Live music, comedy at Crooked Creek

Monday, October 16, 2006

A little bit of Branson has come to Marble Hill.

At least that's how the owners of the new Crooked Creek Dinner Theater hope patrons see it. Owners Michael Ross and Ken Trentham opened the new dinner theater at the end of September at 205 Plutarch St.

Crooked Creek Dinner Theater, named the for the local creek that runs through town just a block away, features music and comedy from local performers, Ross said. The establishment is open Friday and Saturday nights.

Even though the theater is indoors, Ross said he tried to give it an outdoors look.

"I tried to turn it into a back patio look," Ross said.

Marketing manager Barbara Cathey said local musicians Mercedes Dye and Mike Nelson have performed in front of the crowds as they ate Ross' cooking. The musical styles range from bluegrass and old and new country to '70s and '80s pop. They opened with no advertising and so far have had a "great response," she said.

"Our objective here is to provide a place of good quality entertainment, showcasing the local talents from the surrounding area without the long drive and expense to see a show like this," Ross said.

* West Park Lanes reopened: West Park Lanes, the Cape Girardeau bowling alley, has reopened after its half-million-dollar renovation.

"Everything is completely redone," said co-manager Joe Seib. "It was a total renovation. Everybody seems to like it. Everything is the latest, state-of-the-art equipment."

The work means there are new lanes, seating and scoring equipment as well as "cosmic lanes," which glow in the dark.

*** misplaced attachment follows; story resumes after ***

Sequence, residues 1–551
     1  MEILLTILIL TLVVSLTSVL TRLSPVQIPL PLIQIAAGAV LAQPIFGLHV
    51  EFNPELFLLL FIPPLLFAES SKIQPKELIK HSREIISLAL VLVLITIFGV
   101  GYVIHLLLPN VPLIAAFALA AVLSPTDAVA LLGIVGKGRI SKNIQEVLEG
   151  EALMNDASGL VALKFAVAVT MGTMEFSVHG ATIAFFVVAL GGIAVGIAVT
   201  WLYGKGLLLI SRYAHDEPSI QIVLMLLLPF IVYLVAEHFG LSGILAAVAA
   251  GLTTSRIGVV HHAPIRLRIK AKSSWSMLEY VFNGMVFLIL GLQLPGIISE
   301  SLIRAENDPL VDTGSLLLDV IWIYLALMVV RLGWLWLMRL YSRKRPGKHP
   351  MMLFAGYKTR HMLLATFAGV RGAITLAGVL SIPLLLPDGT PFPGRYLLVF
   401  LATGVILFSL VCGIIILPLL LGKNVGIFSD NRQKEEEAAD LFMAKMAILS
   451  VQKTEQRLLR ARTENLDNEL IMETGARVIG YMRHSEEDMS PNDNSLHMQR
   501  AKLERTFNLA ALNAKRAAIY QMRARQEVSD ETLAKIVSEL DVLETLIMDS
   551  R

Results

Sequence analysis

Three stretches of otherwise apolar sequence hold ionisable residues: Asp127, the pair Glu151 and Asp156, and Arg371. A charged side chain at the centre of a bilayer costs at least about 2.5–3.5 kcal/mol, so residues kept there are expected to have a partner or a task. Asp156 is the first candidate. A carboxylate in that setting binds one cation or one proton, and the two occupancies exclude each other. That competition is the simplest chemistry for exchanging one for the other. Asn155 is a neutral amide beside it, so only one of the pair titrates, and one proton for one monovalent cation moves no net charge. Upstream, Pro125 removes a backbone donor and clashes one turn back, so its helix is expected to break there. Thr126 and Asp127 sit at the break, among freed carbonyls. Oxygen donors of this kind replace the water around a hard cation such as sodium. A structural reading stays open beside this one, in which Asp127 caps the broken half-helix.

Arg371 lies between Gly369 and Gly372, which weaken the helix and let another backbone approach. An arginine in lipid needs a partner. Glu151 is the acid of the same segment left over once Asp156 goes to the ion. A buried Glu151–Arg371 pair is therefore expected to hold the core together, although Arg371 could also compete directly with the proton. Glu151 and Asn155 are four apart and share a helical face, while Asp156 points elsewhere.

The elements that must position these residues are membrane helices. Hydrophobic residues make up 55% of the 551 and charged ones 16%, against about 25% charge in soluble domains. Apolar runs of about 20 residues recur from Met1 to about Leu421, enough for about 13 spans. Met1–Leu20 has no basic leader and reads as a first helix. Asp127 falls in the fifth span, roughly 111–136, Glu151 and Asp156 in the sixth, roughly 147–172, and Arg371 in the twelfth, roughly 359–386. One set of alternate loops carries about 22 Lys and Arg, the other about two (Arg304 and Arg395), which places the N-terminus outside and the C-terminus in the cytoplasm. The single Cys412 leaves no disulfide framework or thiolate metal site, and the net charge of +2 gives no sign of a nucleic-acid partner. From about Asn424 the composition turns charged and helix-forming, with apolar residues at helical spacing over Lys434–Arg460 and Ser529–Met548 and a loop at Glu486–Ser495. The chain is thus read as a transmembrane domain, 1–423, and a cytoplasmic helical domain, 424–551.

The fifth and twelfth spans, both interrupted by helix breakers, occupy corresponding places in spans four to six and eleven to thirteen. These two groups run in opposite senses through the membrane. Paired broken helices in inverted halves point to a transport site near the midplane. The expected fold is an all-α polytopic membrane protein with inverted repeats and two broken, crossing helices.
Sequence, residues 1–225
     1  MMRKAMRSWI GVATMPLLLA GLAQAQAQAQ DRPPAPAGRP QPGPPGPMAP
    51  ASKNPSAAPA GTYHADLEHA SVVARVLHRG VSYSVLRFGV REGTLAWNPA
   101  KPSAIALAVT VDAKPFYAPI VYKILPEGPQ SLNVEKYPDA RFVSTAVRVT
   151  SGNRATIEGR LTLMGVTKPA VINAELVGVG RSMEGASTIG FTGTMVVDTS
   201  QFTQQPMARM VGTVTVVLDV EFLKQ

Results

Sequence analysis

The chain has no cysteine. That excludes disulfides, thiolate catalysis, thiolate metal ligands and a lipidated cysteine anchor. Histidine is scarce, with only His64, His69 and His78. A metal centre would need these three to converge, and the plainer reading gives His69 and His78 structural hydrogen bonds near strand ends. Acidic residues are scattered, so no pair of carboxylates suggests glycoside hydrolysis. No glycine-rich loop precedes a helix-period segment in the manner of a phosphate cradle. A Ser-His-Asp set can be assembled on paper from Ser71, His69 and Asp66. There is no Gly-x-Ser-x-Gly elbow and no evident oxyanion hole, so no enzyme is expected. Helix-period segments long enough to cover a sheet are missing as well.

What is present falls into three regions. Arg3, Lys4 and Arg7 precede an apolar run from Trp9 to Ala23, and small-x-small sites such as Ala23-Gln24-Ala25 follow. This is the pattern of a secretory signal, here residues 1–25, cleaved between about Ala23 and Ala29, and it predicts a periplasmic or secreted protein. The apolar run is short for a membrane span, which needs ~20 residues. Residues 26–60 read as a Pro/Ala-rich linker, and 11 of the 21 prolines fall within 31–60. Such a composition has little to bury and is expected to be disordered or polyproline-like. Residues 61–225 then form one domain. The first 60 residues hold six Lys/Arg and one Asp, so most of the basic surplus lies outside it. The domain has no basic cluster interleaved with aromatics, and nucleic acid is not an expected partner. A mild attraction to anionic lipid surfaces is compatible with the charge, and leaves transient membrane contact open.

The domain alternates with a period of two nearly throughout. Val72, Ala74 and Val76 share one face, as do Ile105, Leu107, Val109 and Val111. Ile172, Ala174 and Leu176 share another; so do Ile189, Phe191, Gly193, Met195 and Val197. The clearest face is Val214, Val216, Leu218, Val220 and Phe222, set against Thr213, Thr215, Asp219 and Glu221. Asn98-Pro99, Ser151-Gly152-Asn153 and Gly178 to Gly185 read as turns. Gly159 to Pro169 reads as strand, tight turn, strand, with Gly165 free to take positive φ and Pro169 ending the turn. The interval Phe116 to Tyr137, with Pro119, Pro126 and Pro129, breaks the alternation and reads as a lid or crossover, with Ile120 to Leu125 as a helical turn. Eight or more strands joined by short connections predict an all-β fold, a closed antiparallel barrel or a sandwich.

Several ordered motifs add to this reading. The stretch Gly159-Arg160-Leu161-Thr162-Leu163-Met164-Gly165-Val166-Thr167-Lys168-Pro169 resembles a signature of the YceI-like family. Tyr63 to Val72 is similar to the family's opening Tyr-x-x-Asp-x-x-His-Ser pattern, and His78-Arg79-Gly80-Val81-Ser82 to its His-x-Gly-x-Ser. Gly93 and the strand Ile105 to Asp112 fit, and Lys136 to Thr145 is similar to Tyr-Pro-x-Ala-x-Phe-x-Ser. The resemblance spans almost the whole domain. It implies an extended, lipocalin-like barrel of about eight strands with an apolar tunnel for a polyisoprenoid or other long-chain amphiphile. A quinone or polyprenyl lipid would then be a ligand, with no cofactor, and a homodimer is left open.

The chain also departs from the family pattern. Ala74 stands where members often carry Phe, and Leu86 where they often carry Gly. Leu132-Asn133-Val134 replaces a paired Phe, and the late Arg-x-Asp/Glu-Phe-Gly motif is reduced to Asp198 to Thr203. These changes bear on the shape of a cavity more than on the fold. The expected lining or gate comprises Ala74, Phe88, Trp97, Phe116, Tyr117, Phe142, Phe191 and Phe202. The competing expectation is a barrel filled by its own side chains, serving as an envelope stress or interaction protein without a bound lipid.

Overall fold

The work was done because it was needed, Seib said, adding that a statewide bowling tournament will start in February and run over 10 weekends.

* Hey, Gorgeous: Stylists Trena Lawrence and Clint Matlock have opened a new salon, creatively called Hey, Gorgeous at 113 Independence St. The building has been remodeled, and the business partners are especially proud of their Craig Thomas paintings.

The salon has four chairs, and the stylists do all manner of hairstyles, including color, cut and highlights. They also offer massage by Victoria Brown.

They hope to expand eventually to add nail services and a skin-care specialist. Both Lawrence and Matlock -- can you read that name and NOT think of Andy Griffith? -- had worked at Eugene's.

* Creative curbs: Bill Johns of Oak Ridge has started a new business called Curb Creations. Johns describes it as colorful concrete curbing that he and his crew can install around flower beds, houses, swimming pools and along driveways.

Using a concrete extruding machine, the curbs come in 50 colors.

"It's just starting out," he said. "But a lot of people don't know what it is we do. But we've been quite busy this summer, and it's taking hold pretty quick."

* Work and play: Here's an item for those of you who take a break from work by playing online solitaire. More than half of your co-workers log onto game sites too, according to a recent poll.

Candystand.com, an entertainment Web site owned by the Wm. Wrigley Jr. Co., surveyed 1,000 adults nationwide and found that more than half play online games during the workday. The average playing time was 15 minutes.

More than six out of 10 said that playing online games helps them deal with stress, while 47 percent believe it helps their creative thinking.

One in five have been caught by their supervisors, while 13 percent admitted playing during a conference call. (Those calls CAN get tedious.)

Playing games may improve job productivity. Dr. Kathleen Hall, founder of The Stress Institute, recommended in a separate study that people play computer games for 10 to 15 minutes to refresh.

So if you do get caught, just tell your boss that your doctor says it relieves stress. If you try this, call me and tell me your boss' reaction.

Please.

Scott Moyers is the business editor of the Southeast Missourian. Send your comments, business news, information or questions to "Biz Buzz," 301 Broadway, Cape Girardeau, Mo., 63702-0699, or e-mail them to smoyers@semissourian.com or call (573) 335-6611, extension 137.

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